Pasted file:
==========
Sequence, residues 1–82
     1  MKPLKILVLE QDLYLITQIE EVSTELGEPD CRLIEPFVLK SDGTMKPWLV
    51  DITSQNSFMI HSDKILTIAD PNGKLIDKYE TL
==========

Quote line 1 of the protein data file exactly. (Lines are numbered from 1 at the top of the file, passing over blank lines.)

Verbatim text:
Sequence, residues 1–82